I was recently asked for a list of five of the best books I read in 2013. I say “of the best” and not “the best” because of course I read many more than five truly excellent books last year. But these are some of the ones that made particular impressions, and that I thought were especially worthy of noting and sharing here.
- Jamie Quatro, I Want to Show You More (Grove, 2013). This debut collection of stories–mostly taking place on the border of Tennesee and Georgia–truly captures the rawness and realness of American culture—where and when experiences of Christianity, faith, adultery and sex are no longer distinguishable. In reading Quatro, I find narratives of what I have been theorizing in my own writing as “pornographic faith.”
- George Saunders, Tenth of December (Random House, 2013). Who hasn’t read Saunders’ latest collection of stories?! Like Quatro, he impeccably takes the beat of beaten-down and humiliated Americans. In most of these stories, the setting is central New York State—its own northern Appalachia. Having grown up in Utica, I know. So does Saunders; who teaches at Syracuse and who writes so tenderly about the absurd yet indefatigible dignity of life “upstate.”
- Hilton Als, White Girls (McSweeney’s, 2013). With beautifully and variously styled essays on Truman Capote, Michael Jackson, Eminem, Richard Pryor and Malcom X, Als completely gets us to detach racial and gender signifiers from their typical identities. Who’s a white girl? Who desires, idolizes, mimics, betrays and befriends white girls? See the list above.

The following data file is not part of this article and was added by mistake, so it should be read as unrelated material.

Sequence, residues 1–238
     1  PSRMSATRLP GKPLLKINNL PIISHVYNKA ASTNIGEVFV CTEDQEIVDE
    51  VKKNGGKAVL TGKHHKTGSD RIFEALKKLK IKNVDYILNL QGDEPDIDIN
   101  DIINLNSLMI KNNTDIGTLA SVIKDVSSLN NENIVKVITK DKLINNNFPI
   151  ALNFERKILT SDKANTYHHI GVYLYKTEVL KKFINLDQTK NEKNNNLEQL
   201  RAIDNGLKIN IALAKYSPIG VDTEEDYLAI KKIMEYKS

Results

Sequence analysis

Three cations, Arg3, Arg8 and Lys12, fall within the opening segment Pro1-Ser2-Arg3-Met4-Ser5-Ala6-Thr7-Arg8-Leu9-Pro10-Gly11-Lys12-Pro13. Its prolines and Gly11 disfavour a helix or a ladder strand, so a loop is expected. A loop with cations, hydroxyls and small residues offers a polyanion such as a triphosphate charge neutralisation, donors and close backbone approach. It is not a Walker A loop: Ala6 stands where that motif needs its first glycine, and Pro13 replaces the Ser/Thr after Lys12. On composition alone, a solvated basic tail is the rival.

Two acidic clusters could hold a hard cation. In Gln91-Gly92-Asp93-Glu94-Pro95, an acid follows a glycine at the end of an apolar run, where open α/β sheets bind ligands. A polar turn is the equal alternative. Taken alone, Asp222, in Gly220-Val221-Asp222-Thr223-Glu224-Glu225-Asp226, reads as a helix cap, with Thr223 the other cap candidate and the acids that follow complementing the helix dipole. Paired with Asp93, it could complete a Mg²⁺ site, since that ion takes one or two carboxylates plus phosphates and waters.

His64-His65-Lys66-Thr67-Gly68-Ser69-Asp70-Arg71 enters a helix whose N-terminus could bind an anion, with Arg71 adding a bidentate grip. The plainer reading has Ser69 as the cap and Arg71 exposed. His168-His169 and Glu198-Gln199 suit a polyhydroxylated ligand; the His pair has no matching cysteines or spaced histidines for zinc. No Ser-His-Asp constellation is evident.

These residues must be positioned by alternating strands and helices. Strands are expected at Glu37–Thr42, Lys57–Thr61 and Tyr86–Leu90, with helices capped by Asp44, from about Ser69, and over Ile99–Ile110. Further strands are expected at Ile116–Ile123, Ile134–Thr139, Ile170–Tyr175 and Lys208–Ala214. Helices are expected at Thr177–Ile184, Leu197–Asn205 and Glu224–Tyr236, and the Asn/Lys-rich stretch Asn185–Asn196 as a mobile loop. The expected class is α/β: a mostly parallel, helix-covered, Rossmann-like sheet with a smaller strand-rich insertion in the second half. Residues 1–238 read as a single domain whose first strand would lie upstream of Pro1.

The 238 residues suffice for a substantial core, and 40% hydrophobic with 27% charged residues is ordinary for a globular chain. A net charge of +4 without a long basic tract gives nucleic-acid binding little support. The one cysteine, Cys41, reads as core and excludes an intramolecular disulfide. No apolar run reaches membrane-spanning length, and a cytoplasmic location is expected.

- Kathleen Winter, Annabel (Anansi, 2010). Given to me as a gift this past Christmas, I finally got to read this celebrated novel. I most appreciated the simplicity of the story’s telling, and the remarkable ways in which trans-gender identity and the villages and forests of Labrador are made to resonate, in a mutual foregrounding of the other.
- Stacey D’Erasmo, The Art of Intimacy: The Space Between (Greywolf Press, 2013). Part of a series of short books on the art, craft and technique of writing, D’Erasmo writes beautifully, poetically and with tremendous theoretical insight about the distance that structures any sense intimacy and the spaces of shared encounter. Having just completed my own monograph on the space of ethical and aesthetic separation that is “the decision between us,” reading this book felt like it own rendezvous with intimacy in writing.